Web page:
Our Moseleian Hero Anthony Walter Harold Buffery, born 9 September 1939, clinical neuro-psychologist  became a respected teacher, researcher, actor, comedian and writer alongside his incongruous and alternative career in academic psychology. As a member of The Cambridge Footlights, he contributed as a writer, musician and performer to many sketches - This Way Out 1965, My Girl Herbert 1964, Stuff What Dreams are Made Of 1963, A Clump of Plinths 1962, Double Take 1961, Twice a Fortnight 1967. Do you remember these productions?

In 1967 Clive James enjoyed a two-man show with him  he said “Tony was and probably still is an astonishingly funny man not least physically”. Clive admired him hugely.

Tony was also brilliant as a solo comedian.

As Cleese recalls:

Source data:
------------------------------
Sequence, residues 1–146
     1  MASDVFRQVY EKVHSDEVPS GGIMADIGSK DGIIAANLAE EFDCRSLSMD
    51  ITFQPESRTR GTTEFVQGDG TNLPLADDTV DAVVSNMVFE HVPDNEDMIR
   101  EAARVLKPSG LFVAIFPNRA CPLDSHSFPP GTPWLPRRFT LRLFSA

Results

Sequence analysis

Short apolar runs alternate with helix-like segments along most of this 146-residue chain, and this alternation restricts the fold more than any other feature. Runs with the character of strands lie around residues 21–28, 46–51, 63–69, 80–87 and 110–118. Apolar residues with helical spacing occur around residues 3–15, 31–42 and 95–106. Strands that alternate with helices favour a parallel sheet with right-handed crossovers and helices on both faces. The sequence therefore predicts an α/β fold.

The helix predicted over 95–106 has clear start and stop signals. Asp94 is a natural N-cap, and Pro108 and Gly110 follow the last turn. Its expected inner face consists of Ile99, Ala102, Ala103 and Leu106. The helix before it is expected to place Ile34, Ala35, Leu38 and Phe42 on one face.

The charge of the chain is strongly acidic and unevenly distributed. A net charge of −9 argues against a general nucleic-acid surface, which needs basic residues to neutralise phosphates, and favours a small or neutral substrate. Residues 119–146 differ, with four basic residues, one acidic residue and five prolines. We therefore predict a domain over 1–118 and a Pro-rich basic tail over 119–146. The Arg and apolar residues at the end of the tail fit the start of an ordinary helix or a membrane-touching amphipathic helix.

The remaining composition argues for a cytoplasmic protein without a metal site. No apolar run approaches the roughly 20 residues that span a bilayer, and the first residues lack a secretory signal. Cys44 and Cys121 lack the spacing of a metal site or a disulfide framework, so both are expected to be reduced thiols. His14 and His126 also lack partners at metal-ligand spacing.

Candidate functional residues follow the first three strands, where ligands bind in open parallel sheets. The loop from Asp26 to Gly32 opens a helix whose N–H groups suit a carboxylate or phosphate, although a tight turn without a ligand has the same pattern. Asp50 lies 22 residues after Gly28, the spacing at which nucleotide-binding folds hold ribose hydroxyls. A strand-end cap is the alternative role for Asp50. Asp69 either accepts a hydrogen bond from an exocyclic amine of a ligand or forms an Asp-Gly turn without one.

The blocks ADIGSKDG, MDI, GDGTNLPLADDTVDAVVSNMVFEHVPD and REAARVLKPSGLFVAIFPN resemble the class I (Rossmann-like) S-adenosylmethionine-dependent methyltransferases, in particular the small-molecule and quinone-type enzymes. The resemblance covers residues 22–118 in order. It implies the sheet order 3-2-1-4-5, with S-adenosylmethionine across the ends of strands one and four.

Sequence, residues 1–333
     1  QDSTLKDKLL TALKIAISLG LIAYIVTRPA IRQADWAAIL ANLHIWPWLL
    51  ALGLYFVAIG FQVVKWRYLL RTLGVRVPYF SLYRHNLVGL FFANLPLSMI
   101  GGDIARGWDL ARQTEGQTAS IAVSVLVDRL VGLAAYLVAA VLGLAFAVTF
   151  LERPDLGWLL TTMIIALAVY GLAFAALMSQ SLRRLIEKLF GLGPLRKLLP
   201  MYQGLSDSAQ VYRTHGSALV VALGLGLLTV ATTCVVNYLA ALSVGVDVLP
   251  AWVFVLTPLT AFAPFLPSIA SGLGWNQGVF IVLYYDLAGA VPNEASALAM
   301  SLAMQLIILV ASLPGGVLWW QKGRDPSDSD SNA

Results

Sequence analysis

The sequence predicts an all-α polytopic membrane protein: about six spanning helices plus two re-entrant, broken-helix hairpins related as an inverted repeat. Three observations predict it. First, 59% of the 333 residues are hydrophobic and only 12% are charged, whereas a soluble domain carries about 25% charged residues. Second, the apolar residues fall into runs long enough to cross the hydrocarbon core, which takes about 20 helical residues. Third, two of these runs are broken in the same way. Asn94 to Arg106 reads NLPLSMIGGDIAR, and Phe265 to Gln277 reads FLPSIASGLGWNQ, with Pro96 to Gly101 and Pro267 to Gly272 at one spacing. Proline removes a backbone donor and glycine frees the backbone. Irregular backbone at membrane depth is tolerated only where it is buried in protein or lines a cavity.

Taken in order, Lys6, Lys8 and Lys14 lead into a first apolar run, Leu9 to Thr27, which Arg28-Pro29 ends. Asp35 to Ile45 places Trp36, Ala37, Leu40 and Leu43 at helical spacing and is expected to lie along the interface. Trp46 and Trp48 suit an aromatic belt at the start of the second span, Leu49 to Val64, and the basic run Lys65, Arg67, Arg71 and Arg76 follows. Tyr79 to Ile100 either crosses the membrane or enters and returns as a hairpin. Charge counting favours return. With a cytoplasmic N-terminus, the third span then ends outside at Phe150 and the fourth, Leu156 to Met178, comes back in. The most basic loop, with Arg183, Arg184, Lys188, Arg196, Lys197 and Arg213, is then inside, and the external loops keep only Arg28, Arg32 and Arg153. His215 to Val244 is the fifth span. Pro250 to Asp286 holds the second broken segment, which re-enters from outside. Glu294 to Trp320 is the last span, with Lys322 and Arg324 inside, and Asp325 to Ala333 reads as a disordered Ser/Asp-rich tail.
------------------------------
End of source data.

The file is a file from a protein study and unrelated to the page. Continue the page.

But just occasionally it’s not quite as simple as that, which is why I found Tony Buffery’s solos so fascinating to watch. At one moment in the show we pretended something had gone wrong; there was an awkward pause, and the Tony would be pushed on to the stage and would stand there looking embarrassed and confused. He was wonderful at this, as he had an astonishing range of distressed expressions, intensified by his alarmingly pale complexion. He now explained to the audience that he had been asked to ‘fill in’ and that he would do so by performing some farmyard impressions. Then he did his impersonations of a cow, a cockerel and a sheep - and they were all absolutely awful. He apologised,... This time the audience laughed, partly out of relief. When they did, Tony jumped up and down with excitement and called to the wings, ‘They laughed! They laughed!’ Then he thanked them for laughing, and said that as they had liked the joke so much, he’d tell it again. So he told it again, exactly the same way. Silence. Tony looked crestfallen. He looked at the audiences, paused, and then said, ‘Please laugh.’ I have never felt such discomfort in the theatre. Then Tony confided in the audience. ‘Please laugh. My mother’s in the audience tonight.’ By now, some people were trying to  hide under their seats. Tony scanned the balcony for some time looking for his mother, and then smiled sadly and said, ‘It’s all right, she’s gone now’.